But regardless of stated reasons, 13- and 14-year-olds are really thinking about this stuff. Your counselor was quite right, I think, in saying it would be a good experience no matter how it ended. Knowing a little about the differences between girls and boys, though, I would not rule out the possibility that it is just easier (and safer) for boys to take on such life-changes as a personal "challenge" rather than articulating a newly-discovered concern or commitment.
I think that boys such as your son should be applauded for such attempts and encouraged to delve more deeply into the reasons for such changes. They may not want to be open about it, but just knowing that they are supported in their moral choices-and for most of us vegetarianism is a moral choice-will make him more secure in all of his decision-making for years to come. KIMBERLY SWISE, Chicago
Save the shivering elephants People for the Ethical Treatment of Animals (PETA) understands you were a sponsor of the June 6 "Run for the Zoo" hosted by the Lincoln Park Zoo, and we are writing to ask you withhold any future sponsorship agreements from the zoo until it retires its three African elephants to The Elephant Sanctuary in Tennessee.
In April 2003, Peaches, Wankie and Tatima were transferred to the Lincoln Park Zoo from the San Diego Wild Animal Park, where they had spent their entire lives in a warm climate. After just one year at the Lincoln Park Zoo, these elephants show visible signs of physical and psychological decline. Elephants cannot tolerate cold weather and because of Chicago's long, harsh, winters, the animals are kept in a concrete back room for up to half the year.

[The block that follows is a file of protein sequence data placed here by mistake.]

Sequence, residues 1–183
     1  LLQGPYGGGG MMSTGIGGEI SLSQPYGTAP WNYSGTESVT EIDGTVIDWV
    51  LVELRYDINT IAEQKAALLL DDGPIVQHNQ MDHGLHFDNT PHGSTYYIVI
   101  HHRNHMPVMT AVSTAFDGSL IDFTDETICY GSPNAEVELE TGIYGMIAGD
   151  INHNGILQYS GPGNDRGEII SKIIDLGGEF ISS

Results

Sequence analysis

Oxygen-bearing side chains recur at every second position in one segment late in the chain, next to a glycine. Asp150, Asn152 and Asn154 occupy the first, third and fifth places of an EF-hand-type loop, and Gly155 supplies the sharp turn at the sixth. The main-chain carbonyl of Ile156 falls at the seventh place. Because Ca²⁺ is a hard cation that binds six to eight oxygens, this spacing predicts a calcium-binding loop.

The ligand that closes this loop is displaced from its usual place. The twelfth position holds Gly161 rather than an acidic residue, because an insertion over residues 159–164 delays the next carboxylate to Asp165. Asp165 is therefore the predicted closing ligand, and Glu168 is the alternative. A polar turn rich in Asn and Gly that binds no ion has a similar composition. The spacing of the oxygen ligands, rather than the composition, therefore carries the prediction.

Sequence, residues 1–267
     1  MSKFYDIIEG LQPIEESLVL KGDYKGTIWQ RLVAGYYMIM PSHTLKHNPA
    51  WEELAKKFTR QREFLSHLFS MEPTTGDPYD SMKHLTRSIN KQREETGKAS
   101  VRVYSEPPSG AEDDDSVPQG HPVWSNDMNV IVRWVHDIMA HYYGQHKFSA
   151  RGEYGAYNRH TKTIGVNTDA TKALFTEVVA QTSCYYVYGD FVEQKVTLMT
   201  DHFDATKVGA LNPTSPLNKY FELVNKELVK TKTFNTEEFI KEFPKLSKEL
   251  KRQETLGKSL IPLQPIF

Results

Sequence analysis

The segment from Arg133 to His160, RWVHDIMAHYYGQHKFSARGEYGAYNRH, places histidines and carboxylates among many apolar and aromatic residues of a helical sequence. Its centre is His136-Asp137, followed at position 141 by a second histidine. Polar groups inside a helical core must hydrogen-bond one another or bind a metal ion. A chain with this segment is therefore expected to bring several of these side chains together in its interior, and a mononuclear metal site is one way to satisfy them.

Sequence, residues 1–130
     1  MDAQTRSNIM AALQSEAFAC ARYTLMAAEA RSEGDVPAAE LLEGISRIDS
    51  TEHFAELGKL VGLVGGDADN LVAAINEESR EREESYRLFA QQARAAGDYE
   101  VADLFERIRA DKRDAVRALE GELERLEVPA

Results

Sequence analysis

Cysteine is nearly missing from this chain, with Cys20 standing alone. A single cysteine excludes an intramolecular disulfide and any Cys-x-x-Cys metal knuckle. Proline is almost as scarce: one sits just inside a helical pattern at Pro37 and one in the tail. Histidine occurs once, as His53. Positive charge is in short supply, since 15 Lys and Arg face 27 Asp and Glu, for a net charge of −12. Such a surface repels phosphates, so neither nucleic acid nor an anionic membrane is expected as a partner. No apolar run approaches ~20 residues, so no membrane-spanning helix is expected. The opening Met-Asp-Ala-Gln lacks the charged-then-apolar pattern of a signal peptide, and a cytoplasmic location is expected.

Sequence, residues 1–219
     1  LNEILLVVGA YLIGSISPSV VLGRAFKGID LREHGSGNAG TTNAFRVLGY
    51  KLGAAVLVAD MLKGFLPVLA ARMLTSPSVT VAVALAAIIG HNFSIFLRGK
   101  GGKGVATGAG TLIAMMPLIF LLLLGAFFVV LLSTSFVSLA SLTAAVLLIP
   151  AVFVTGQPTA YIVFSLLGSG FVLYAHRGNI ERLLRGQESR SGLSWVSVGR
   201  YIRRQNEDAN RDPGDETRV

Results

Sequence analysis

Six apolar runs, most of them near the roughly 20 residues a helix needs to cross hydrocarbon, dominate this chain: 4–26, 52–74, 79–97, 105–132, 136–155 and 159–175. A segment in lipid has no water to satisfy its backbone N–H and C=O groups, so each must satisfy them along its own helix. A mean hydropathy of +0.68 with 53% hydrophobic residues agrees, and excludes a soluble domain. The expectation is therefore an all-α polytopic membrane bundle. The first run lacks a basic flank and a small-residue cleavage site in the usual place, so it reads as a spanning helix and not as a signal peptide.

There is no reason why these elephants should suffer another year in such compromised and unhealthy conditions, which will undoubtedly lead to their premature deaths. The 2,700-acre Elephant Sanctuary has offered a permanent home to Peaches, Wankie and Tatima, and PETA is willing to pay for their transportation. NICOLE MEYER, People for the Ethical Treatment of Animals, Norfolk, Va.
Breastfeeders need discretion Regarding Eryn McGary's article about breastfeeding rights in Illinois ("One Mother's fight," May 2004): I agree that women should be able to breastfeed their babies. However, I have two concerns about this bill.
My first concern relates to discretion and modesty. I have friends who breastfed at home, at parks and at shopping malls. Most used light blankets to be discreet, but one pretty much lets it all hang out. I was shocked and uncomfortable; I don't care how close a friend she is or how natural it is, I had to look away. I believe mothers have the right to breastfeed, but I also believe they should be considerate, especially in public places.